Daniel Harkins says we should open not close the door to refugees.
It was an unusual Mass, with a congregation that had been through great hardship.
There was a little boy in an Argentina football shirt with his hands together in prayer, a little girl no more than a few years old peeking over a makeshift altar, shoeless men lying on dirty mattresses.
All had trekked through thick jungle and braved wild animals and violent criminals to be here. But they weren’t supposed to here – they were supposed to be living a new life of opportunity in the United States.
Instead, they were in limbo, waiting to be sent back to poverty.
The limbo was a refugee camp in Panama City in Central America. The Mass was celebrated on November 13, the World Day of the Poor, for the congregation of refugees, who were mainly from Venezuela.
They reached Panama after walking for days through almost impenetrable jungle – the Darién – that covers the border with Colombia. Their plan was to travel through Central America to the US border, and hopefully across it.
But a change in policy in the US in October meant Venezuelans had little chance of achieving asylum in the country. So the refugees were stuck in Panama.
Most are back in Venezuela now, with the help of a number of religious organisations who paid for their flights. But refugees still make the journey every day through the Darién jungle.
In November, more than 16,000 hiked their way through mud, water and thick forest cover into Panama. This included more than 5,000 children.
More than 200,000 people from across the world have crossed through the Darien this year. Hundreds of those were unaccompanied minors: children, alone in a deadly jungle.
Why am I telling you this? Because it has an important lesson for us here in the UK. The lesson is this: there is no policy, regardless of how harsh, that will deter refugees.
If someone is willing to risk their life in a deadly jungle in the hopes of maybe, weeks later, making it to the US, then they will brave any risk in the hope of a better life. Help, not deterrence, is the best approach to the problem. The UK is currently pursuing a policy of deporting refugees to Rwanda.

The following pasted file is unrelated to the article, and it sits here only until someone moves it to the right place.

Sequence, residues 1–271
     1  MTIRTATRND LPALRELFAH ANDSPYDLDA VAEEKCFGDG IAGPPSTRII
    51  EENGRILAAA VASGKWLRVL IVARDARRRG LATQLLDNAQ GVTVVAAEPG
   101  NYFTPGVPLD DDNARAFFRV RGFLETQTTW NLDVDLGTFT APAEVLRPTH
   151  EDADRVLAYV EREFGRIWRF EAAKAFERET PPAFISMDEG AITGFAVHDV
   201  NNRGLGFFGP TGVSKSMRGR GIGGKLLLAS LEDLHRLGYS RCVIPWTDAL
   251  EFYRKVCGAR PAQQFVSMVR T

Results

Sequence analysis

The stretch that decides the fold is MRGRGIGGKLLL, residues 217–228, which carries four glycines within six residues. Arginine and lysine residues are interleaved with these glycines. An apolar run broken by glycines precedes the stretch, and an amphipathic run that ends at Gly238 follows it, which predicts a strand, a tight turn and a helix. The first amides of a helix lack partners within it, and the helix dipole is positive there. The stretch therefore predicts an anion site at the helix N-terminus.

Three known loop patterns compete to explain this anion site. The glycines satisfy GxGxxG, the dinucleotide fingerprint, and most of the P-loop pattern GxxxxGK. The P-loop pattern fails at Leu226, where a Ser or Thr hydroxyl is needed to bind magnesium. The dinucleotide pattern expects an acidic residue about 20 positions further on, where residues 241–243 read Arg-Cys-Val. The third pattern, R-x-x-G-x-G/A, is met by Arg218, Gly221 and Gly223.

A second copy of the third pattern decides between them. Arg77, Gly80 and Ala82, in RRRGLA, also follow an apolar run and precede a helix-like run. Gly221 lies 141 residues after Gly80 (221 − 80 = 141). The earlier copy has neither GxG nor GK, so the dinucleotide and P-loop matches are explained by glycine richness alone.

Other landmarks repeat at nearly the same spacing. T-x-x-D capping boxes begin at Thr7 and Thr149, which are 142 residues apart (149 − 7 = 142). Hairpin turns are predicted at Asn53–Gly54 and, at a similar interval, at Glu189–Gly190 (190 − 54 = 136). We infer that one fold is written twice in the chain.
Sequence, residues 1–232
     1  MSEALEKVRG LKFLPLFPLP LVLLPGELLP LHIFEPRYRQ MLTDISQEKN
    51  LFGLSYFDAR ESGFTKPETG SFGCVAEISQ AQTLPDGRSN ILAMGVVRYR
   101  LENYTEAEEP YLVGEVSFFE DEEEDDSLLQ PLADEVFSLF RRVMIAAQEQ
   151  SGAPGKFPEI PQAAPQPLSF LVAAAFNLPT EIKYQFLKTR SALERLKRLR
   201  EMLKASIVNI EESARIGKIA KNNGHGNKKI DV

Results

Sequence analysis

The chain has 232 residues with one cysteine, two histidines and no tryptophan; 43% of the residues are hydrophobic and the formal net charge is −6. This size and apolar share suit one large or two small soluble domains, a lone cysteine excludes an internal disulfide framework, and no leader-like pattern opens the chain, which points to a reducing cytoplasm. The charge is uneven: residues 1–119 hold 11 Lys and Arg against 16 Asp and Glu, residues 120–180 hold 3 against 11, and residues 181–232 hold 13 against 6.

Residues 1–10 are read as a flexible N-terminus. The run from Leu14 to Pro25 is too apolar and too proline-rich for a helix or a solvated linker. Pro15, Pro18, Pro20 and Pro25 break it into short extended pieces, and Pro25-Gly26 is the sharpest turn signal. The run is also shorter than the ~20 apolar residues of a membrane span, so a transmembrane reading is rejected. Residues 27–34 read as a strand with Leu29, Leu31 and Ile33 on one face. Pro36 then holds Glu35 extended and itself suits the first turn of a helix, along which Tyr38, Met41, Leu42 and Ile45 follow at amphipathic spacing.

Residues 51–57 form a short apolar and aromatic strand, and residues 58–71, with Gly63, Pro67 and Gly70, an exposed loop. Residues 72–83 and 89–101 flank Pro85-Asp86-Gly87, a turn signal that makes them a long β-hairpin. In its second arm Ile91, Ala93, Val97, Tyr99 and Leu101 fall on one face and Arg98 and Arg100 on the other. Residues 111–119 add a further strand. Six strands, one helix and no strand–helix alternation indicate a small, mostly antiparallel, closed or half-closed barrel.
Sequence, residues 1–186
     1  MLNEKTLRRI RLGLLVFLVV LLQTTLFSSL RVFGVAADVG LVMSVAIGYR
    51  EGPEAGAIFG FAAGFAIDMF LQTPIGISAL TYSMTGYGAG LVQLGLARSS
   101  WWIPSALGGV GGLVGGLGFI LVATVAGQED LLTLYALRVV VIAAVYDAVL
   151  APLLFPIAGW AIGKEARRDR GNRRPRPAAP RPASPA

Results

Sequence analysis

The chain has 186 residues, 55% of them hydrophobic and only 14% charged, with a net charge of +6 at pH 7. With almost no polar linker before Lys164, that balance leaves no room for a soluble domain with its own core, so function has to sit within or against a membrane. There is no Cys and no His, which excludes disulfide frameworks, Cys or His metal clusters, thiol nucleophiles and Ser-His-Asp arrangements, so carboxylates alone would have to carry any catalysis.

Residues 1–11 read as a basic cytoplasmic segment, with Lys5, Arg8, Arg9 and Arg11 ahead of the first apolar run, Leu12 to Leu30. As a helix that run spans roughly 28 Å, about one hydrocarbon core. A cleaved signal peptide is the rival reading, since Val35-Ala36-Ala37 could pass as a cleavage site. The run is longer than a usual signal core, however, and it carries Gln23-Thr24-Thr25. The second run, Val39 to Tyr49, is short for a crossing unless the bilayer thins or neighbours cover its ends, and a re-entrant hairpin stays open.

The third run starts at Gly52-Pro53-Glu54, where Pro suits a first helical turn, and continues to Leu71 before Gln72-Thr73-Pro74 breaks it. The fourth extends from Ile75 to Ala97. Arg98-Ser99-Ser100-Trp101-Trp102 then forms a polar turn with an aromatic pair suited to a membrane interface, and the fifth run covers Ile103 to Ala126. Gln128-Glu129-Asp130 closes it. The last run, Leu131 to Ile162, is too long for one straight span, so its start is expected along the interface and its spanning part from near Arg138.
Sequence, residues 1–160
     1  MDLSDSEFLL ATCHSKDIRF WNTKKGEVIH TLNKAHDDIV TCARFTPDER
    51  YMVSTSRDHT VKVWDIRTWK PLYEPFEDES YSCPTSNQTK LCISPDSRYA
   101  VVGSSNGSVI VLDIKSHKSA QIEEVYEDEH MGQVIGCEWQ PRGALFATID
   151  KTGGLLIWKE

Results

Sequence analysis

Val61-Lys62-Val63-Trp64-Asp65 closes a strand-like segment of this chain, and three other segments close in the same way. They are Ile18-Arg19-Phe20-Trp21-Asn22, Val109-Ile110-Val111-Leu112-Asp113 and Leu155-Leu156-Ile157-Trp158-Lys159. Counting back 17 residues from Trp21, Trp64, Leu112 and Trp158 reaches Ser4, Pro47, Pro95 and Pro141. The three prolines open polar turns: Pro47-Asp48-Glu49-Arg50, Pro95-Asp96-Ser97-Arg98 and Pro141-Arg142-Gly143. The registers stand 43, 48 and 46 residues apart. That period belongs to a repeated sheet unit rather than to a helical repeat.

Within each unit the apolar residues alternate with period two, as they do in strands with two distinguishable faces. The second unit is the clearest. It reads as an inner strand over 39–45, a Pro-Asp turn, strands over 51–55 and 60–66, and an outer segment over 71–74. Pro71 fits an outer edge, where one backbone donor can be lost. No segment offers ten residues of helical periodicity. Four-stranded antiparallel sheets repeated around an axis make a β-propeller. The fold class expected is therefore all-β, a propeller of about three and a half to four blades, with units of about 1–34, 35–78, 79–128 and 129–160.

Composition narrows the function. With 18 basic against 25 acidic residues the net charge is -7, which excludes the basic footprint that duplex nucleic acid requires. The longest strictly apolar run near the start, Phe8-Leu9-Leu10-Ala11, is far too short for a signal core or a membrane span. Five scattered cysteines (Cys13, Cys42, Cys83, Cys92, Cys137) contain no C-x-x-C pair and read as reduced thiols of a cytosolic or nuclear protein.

The Tory government claims it will reduce the number of refugees making the deadly journey across the English Channel. It will not.
Needleless to say, it is also an inhuman policy. Every refugee is a person seeking a life. A life they do not have in their homeland – homelands which are usually suffering from problems created or contributed to by the western world.
They deserve our respect and our help.
And like all humans, their stories are not all dark. I visited a refugee camp in Bangladesh in 2017 with SCIAF. I was told terrible stories by refugees as I sat in a cafe. But I was also amazed at the fact there was a cafe in this refugee camp.
People sat around laughing and drinking sweet tea. They had built a community. They had built hope among darkness.
Refugees are people, the same as us. See them as people. Help them on their journey. Oppose idiotic government policies built on fiawed theories and inhumanity.
And if you have any spare cash this Christmas – unlikely I know – consider donating it to SCIAF or the Scottish Refugee Council. Details are on their websites.